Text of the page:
In teaching English, we address two very different tasks: exploration of the humanities and acquisition of skills. Students learn through literature what the world has been and what they themselves may become. The English Program consists of four interrelated components: Reading, Writing, Speaking, and Listening. Through small classes, students have genuine opportunities to learn and grow.

Reading is approached both as skill and art. Students learn to read for information and for pleasure through a broad range of activities. As the student moves through the grades, comprehension and word analysis skills continue to be taught and reinforced with materials of increasing complexity. A variety of genres are explored: poetry, drama, the short story, the novel, and the essay.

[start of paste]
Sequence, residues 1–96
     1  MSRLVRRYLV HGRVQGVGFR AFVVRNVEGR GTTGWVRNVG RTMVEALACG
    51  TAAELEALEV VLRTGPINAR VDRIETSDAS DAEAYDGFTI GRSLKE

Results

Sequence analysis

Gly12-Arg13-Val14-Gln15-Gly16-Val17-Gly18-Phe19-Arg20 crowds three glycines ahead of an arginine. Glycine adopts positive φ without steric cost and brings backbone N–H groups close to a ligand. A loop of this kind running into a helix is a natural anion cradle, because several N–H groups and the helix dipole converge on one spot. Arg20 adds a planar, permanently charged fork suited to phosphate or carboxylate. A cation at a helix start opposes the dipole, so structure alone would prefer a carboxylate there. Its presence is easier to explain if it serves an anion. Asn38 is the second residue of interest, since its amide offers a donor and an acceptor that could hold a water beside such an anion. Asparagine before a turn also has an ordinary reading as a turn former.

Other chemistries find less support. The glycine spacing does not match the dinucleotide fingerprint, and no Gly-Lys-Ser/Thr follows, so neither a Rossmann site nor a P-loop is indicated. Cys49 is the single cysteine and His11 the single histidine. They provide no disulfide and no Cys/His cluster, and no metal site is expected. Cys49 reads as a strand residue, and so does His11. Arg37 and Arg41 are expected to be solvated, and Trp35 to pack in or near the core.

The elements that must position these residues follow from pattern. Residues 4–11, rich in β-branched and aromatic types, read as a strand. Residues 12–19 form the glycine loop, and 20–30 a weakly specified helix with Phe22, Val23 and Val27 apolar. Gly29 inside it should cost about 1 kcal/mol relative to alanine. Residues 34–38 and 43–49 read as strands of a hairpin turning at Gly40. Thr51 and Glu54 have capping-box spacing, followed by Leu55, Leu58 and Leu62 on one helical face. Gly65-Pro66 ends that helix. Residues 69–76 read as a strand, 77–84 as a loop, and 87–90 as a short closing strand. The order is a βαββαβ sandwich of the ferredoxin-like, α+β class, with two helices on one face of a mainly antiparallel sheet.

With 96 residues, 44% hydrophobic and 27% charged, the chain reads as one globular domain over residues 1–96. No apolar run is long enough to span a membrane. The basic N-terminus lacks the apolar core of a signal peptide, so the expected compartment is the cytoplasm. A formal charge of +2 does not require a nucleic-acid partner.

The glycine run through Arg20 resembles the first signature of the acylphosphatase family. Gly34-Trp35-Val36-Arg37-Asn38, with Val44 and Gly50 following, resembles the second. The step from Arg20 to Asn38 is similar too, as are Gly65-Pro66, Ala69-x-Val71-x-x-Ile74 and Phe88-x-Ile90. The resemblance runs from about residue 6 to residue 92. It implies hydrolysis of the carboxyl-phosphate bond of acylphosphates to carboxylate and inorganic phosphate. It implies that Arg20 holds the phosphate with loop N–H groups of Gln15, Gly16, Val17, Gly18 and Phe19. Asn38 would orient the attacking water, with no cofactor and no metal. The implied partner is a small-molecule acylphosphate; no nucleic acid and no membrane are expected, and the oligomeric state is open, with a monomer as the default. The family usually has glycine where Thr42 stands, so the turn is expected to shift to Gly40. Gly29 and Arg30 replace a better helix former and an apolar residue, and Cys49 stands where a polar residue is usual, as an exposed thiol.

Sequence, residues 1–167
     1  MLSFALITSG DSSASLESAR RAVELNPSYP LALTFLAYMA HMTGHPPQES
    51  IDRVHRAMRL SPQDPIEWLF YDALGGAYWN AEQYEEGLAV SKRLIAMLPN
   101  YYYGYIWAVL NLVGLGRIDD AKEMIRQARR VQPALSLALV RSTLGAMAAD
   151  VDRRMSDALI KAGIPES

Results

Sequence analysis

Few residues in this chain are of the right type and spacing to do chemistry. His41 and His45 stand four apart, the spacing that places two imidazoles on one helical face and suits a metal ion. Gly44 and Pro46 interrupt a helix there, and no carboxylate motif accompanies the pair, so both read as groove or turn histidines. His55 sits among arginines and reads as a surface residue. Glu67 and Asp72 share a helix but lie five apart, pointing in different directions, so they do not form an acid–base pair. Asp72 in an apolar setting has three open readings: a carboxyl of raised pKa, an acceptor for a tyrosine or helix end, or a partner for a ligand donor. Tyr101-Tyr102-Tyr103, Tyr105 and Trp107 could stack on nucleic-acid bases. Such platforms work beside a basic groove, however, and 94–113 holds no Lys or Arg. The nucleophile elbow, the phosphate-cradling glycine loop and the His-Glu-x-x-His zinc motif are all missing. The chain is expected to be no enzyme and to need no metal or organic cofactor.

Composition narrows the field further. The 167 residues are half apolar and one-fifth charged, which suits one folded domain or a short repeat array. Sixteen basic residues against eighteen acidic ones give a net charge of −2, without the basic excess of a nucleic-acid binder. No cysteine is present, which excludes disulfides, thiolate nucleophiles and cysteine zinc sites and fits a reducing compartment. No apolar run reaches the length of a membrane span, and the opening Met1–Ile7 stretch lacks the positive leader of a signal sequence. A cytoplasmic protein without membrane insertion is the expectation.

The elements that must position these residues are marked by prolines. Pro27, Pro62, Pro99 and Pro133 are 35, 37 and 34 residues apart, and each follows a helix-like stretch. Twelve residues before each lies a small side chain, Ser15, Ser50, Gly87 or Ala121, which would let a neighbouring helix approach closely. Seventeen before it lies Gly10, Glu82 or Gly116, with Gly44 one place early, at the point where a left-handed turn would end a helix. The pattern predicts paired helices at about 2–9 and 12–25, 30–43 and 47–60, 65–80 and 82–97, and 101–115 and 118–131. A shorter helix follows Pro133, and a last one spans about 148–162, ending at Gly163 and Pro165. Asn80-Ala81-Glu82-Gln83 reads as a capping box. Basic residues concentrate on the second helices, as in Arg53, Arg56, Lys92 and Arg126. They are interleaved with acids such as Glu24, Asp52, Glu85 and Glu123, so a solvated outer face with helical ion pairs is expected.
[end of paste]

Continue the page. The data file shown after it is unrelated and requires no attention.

Both the skill and art of writing receive major emphasis in all grade levels. Students learn to clarify and communicate their thoughts and to practice them for basic modes of expression. In the lower grades, students begin to translate their experiences into written language. In the upper grades, the narrative, expository, and descriptive modes are emphasized.

Virtually all the activities in English class call into play the skills of speaking and listening. Students learn to speak before the group and to listen to others. Discussion technique emphasizes the basic responsibility of all students as speakers and listeners: to be sensitive to and considerate of others.